Postmodernism adopts what I would call a cynicism when it comes the modernism that came out of the Enlightenment. Modernism is assumed to be foundationally racist and sexist. Its attitude to the remaining tribal societies is that of a colonizer. This involves claims to scientific objectivity, the power of reason, universal claims to truth and morality, traditional institutions, meaning Christianity. Postmodernism has been very preoccupied with the power of language to control people. Ironically, many postmodernists have some of their roots in western Marxism and various strains of anarchists. It is telling that Jonathan Israel has placed them in a category of the CounterEnlightenment, linking them uneasily with conservative royalists who were also against the Enlightenment.

Among the earliest thinkers considered to be postmodern are the individualist anarchist Max Stirner and Friedrich Nietzsche, both of whom championed the individual against the pressures of science and capitalist. They were also connected to other movements in literary criticism like the symbolists. The values of post-modernist are relativity, diversity, subjectivity and the freedom of the individual “agency”. It criticizes most leftism but still genuflects before Marx while not showing the slightest interest in political economy or organizing the working class.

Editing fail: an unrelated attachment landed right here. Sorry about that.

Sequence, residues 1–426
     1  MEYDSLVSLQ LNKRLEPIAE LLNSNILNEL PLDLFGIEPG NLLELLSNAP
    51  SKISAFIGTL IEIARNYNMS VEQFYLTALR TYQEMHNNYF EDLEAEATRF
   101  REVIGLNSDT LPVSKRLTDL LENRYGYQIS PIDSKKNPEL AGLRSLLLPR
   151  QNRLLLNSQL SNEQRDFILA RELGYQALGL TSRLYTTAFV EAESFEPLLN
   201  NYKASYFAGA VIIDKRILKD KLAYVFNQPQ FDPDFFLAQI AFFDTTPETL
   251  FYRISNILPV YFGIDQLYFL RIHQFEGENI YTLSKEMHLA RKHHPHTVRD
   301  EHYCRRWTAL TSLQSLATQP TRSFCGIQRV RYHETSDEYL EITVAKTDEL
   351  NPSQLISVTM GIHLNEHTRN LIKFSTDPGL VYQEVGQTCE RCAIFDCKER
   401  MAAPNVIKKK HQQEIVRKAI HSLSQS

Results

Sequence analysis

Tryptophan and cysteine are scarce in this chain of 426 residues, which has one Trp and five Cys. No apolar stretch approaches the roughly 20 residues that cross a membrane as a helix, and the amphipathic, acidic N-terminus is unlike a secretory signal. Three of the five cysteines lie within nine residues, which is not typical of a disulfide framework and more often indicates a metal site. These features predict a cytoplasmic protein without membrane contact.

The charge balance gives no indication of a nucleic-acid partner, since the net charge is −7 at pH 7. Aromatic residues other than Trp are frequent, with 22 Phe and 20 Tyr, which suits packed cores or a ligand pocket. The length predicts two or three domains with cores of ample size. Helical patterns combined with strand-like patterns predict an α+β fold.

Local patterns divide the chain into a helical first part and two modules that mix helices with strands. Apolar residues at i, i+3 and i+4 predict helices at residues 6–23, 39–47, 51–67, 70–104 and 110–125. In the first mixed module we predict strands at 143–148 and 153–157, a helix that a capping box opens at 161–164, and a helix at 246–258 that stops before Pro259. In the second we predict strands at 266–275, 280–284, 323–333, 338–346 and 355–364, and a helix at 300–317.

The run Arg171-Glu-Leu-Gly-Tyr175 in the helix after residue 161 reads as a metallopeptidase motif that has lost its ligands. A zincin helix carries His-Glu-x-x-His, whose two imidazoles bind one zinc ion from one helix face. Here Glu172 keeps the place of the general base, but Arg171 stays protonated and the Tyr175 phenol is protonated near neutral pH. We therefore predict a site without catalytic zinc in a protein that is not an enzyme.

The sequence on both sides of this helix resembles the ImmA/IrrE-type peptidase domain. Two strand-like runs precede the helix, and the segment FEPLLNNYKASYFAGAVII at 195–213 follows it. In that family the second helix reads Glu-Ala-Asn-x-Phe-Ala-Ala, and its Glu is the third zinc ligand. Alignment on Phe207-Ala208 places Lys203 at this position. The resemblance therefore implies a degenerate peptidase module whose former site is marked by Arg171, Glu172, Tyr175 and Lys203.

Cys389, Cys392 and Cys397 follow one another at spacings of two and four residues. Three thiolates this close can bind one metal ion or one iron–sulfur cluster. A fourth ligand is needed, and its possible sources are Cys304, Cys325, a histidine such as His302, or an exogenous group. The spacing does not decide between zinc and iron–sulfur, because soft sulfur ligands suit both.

Will Schnack has this to say about the postmodernist luminaries:


Jorge Luis Borges is among the most prominent influences in postmodern literature, but it would be Jean-Francois Lyotard who would be the first to put postmodernism to philosophical use. Lyotard, a literary theorist, had defined postmodernism as a rejection of “metanarratives,” or the underlying stories and ideologies of modernity that assume the stability of concepts like “truth.” Lyotard wanted to promote a sort of skepticism toward universal conceptions, suggesting Wittgenstein’s notion of “language games” take the place of the notion of “truth.” He believed that language, particularly what he called the “differend,” was made impossibly difficult to communicate ideas within a thorough manner. His work would be “deconstructed” by another postmodernist, Jacques Derrida.


Derrida, like many postmodernists, had a strong interest in language, particularly semiotics, but considered himself to be a historian. His approach, called deconstruction, was an attempt to challenge what he saw as unfounded assumptions of Western culture. He opposed the Western search for transcendental meaning, which he considered to be “logocentric.”